The Astrochemistry of Molecular Anions, from AGB Stars to Dark Clouds
Wednesday, May 13, 2009 - 4:00pm
National Radio Astronomy Observatory, Charlottesville
Martin A. Cordiner
Astrochemistry Research Fellow
NASA Goddard Space Flight Center
Greenbelt, Maryland 20771
The recent discovery of large molecular anions in space represents an important development in our knowledge of astrochemistry. In my talk, I will briefly review the observational evidence for molecular anions in space and will discuss their important effects on the physics and chemistry of interstellar and circumstellar environments and star-forming regions. I will focus attention on my new chemical model for the AGB star IRC+10216.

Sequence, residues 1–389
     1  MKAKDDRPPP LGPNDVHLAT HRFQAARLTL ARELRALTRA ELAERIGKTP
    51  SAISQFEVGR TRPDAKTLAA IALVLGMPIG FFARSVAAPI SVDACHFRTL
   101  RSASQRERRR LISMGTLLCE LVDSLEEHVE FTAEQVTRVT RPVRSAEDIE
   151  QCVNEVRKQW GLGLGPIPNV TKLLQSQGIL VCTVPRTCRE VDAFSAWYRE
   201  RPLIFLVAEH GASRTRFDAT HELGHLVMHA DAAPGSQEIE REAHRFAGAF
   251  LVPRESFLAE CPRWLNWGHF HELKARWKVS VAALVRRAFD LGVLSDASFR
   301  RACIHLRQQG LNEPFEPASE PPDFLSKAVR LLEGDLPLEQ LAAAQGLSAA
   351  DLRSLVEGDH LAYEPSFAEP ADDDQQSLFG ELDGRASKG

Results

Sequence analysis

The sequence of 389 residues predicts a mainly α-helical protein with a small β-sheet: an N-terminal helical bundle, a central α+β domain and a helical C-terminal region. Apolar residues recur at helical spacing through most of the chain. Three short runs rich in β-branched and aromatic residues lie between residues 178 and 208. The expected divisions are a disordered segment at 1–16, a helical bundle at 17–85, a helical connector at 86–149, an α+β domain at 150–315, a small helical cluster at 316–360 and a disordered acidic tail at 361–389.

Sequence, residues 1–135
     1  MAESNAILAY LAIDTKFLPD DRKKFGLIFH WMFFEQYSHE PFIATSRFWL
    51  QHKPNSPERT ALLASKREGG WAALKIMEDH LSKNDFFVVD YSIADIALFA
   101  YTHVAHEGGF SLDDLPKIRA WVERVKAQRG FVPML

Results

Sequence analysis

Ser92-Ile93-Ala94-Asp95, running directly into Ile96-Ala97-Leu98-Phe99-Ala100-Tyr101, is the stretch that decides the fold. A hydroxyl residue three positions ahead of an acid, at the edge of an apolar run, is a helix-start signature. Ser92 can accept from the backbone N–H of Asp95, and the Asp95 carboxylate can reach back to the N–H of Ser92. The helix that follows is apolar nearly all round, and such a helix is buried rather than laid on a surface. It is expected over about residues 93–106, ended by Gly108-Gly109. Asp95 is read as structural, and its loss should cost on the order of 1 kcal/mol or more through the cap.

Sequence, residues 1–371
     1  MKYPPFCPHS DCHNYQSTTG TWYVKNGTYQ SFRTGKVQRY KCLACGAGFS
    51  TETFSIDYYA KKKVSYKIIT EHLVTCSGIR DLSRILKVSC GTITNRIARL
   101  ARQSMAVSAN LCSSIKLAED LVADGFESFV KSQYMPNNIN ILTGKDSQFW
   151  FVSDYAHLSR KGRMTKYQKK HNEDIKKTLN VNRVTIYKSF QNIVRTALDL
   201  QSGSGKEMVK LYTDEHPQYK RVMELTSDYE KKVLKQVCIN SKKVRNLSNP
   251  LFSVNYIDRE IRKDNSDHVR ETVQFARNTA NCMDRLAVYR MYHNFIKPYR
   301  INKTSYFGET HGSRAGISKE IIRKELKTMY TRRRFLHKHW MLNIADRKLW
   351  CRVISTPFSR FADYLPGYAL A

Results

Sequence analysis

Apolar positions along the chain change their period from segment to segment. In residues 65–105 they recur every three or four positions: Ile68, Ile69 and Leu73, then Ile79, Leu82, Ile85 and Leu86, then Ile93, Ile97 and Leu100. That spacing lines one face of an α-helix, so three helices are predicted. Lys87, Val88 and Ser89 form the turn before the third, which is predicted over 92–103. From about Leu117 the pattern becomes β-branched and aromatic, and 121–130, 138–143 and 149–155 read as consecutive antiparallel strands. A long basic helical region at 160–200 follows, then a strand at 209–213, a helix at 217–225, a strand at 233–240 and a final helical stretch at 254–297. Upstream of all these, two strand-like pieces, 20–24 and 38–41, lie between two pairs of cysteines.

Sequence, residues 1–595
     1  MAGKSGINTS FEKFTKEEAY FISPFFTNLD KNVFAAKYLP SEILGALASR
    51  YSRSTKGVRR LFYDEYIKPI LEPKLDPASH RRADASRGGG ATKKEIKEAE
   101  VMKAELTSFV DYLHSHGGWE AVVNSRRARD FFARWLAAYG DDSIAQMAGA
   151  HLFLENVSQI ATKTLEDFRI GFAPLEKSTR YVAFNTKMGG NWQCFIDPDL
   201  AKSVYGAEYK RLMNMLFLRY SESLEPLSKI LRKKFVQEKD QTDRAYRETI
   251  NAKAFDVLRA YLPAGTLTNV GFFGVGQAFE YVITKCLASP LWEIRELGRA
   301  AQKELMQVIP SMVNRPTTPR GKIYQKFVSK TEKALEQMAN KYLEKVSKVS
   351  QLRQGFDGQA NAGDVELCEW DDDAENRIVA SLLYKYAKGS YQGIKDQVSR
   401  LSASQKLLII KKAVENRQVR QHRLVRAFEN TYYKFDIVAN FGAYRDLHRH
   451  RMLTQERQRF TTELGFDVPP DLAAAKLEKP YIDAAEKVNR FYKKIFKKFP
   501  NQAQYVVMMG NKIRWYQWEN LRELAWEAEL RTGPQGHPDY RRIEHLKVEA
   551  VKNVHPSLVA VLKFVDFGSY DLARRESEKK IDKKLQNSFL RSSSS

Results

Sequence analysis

Martin A. Cordiner is a Research Fellow in Molecular Astrophysics at Queen's University in Belfast, Northern Ireland. He received his Ph.D. in Chemistry from the University of Nottingham, United Kingdom in 2006. Dr. Cordiner's research is concerned with understanding the physics and chemistry of the interstellar medium, in particular to identify the chemical species responsible for the diffuse interstellar bands (DIBs). Specific interests include: the chemistry of the diffuse ISM, dense molecular clouds, circumstellar envelopes and photon-dominated regions; optical (high resolution) absorption spectroscopy of the diffuse ISM; radio studies of interstellar molecules; the chemistry and physics of interstellar anions; organic anions as possible DIB carriers; PAHs and related large molecules as possible DIB carriers; the structure and composition of interstellar dust; UV extinction studies and the carriers of the UV extinction curve; optical stellar spectroscopy, with emphasis on early-type stars; small-scale structure of the ISM; and extragalactic ISM studies, with emphasis on optical absorption spectroscopy and DIBs.